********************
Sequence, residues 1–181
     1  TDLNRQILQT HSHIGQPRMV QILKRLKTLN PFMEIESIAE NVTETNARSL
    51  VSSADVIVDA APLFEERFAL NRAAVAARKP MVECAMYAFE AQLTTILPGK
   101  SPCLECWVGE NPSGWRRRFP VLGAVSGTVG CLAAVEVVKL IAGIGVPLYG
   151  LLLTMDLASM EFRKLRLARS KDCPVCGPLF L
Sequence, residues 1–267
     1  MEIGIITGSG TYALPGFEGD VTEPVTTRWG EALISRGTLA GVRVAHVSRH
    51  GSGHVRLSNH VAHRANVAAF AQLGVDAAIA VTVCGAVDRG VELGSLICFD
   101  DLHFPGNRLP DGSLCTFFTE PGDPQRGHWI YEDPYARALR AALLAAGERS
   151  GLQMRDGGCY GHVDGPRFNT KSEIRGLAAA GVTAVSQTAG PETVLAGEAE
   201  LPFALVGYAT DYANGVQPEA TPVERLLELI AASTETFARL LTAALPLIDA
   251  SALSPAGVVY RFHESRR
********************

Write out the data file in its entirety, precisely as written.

Sequence, residues 1–181
     1  TDLNRQILQT HSHIGQPRMV QILKRLKTLN PFMEIESIAE NVTETNARSL
    51  VSSADVIVDA APLFEERFAL NRAAVAARKP MVECAMYAFE AQLTTILPGK
   101  SPCLECWVGE NPSGWRRRFP VLGAVSGTVG CLAAVEVVKL IAGIGVPLYG
   151  LLLTMDLASM EFRKLRLARS KDCPVCGPLF L
Sequence, residues 1–267
     1  MEIGIITGSG TYALPGFEGD VTEPVTTRWG EALISRGTLA GVRVAHVSRH
    51  GSGHVRLSNH VAHRANVAAF AQLGVDAAIA VTVCGAVDRG VELGSLICFD
   101  DLHFPGNRLP DGSLCTFFTE PGDPQRGHWI YEDPYARALR AALLAAGERS
   151  GLQMRDGGCY GHVDGPRFNT KSEIRGLAAA GVTAVSQTAG PETVLAGEAE
   201  LPFALVGYAT DYANGVQPEA TPVERLLELI AASTETFARL LTAALPLIDA
   251  SALSPAGVVY RFHESRR